The descending price and increasing capabilities of home scanners and digital cameras have prompted many end users to attempt to capture their own images with these devices. While we agree that CCD (Changed Coupled Device) technology has come a long way, there is still no comparison to a high-end drum scan, with the exception of a quality digital camera back.
- Tonal Range: Drum scanners use PMT
(Photo-multiplier Tubes) to capture and amplify subtle differences in tonal changes of images. In addition, most scanners maintain dedicated computer boards for converting these analog signals into more accurate CMYK values. The result is higher detail, more accurate color, and an overall sharper image.
Lower-end scanners, on the other hand, use CCD (Charged-Coupled Device) technologies to capture imagery. The problem with this technology is that as the actual light reflected to the CCD decreases- in darker and shadow areas - the digital CCD does not always sense the subtle differences in tone in the original. Not only does it not have a way to amplify the signal, it relies on a preset table of values to produce image pixels. The result is a streaky, nondescript "fill-in" of the shadow areas of the image.
- Registration: In a high-end drum scanner, each
scanning line captures all color values in an image in a single pass, eliminating registration issues that occur with multi-pass scanners. CCD scanners usually make their RGB composites by scanning in three passes with a red, blue, and green filter to separate out the image color. Often these passes don't line up exactly and
a mis-registration can be observed in the highlights.
- Overall Sharpness: Drum scanners use highly refined, microscopic optics to capture images, whereas CCD's use little or no optics at all. Again, the result is a higher image integrity and overall sharpness without manipulation in Photoshop.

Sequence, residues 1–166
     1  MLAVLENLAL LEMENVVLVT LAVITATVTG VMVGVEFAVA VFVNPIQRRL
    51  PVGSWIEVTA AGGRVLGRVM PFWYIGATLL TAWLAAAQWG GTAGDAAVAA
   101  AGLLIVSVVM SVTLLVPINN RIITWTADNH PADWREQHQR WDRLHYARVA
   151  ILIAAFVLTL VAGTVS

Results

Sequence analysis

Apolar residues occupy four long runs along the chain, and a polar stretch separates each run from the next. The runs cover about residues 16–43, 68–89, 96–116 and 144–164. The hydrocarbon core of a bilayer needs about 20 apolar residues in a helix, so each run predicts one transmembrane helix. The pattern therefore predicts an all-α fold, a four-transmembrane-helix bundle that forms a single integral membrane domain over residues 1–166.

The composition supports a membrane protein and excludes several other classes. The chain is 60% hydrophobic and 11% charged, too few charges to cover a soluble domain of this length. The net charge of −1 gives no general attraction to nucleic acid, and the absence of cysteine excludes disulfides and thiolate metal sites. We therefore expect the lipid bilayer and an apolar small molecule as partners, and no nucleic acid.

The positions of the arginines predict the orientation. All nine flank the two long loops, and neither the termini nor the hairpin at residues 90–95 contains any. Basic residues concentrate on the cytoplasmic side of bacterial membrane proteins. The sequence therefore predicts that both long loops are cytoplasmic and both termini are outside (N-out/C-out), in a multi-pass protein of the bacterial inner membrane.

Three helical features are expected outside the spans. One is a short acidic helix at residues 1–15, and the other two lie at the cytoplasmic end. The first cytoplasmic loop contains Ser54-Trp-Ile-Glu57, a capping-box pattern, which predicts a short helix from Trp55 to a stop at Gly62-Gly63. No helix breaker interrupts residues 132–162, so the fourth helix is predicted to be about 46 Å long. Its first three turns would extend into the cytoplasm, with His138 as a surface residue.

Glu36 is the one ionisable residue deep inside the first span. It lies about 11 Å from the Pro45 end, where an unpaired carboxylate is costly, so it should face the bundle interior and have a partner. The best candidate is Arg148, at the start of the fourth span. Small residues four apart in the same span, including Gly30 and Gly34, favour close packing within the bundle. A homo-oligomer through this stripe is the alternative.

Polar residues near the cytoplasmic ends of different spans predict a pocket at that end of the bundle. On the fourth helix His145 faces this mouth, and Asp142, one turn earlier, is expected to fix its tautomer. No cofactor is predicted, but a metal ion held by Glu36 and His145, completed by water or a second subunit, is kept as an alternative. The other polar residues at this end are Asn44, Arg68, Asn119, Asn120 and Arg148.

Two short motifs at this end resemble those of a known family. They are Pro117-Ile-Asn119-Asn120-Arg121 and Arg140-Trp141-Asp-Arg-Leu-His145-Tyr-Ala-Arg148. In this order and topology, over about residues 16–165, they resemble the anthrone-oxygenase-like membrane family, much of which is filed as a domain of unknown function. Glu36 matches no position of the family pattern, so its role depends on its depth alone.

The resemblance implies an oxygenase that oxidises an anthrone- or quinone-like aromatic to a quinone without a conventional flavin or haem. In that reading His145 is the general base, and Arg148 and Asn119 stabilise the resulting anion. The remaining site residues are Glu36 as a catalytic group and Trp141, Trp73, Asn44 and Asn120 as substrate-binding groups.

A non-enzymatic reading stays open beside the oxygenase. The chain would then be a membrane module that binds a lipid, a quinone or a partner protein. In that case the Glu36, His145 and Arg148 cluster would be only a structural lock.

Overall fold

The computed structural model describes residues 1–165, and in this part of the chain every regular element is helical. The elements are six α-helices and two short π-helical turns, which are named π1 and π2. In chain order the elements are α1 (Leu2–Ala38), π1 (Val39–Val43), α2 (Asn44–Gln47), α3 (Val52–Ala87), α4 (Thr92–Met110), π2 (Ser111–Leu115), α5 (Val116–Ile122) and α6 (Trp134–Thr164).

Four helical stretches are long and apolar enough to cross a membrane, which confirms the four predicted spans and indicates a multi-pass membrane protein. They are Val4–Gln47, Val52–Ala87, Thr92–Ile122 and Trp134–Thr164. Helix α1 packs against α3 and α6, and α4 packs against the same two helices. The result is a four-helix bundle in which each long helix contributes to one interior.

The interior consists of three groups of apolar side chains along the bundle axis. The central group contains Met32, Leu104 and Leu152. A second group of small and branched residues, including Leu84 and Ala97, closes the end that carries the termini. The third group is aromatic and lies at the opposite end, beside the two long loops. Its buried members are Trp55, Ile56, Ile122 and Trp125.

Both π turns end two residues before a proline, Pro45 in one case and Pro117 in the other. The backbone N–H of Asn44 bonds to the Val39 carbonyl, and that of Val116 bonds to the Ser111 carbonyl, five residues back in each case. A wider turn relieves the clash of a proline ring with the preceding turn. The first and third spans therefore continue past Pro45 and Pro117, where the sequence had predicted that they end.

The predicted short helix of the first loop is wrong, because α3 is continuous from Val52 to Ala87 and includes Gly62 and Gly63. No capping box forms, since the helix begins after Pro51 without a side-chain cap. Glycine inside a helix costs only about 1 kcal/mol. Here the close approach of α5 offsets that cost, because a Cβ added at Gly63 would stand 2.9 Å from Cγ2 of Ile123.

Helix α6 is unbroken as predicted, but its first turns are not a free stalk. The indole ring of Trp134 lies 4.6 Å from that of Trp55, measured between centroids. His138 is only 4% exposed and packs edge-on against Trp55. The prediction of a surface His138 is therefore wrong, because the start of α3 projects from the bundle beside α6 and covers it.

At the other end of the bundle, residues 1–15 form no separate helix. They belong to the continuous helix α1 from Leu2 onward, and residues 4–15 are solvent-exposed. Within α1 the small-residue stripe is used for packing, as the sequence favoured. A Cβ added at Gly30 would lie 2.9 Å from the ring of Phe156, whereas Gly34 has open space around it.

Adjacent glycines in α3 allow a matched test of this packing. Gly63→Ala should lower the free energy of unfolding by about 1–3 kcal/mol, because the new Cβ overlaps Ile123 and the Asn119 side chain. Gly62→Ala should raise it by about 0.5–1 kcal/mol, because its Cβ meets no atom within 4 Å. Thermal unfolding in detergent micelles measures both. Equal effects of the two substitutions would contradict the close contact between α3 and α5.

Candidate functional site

The bottom line here is that if you want the best, you have to start with the best and continue that pursuit of excellence throughout the process, from original to capture to film to the final printing.
Various approaches to how humans perceive color all address the issue by discussion of color space or color gamut. This is basically defined as the range of obtainable color using a particular pigment or color source. While there are many color space methods and theories in existence, we are only going to discuss two here: the RGB and CMYK color spaces, as those are the two most directly used in offset reproduction.
The RGB color space is the range of colors generated by colored light. On a computer monitor, various brightness' of red, green, and blue light are generated from zero (no light at all) to 255 (light at its fullest intensity.) A white background, therefore, would be represented by the brightness of red, green, and
blue light all sent to the monitor screen at their fullest intensity - 255, 255, 255. A black screen is all lights off - 0, 0, 0.
Key to understanding the problem between RGB and CMYK is understanding the fact that all RGB colors are generated from the three primaries of red, green, and blue light, while all CMYK colors are generated from the primaries of cyan, magenta, yellow, and black for additional contrast.
Where is yellow in the RGB color space? Is not yellow considered a primary color? Not in the RGB space.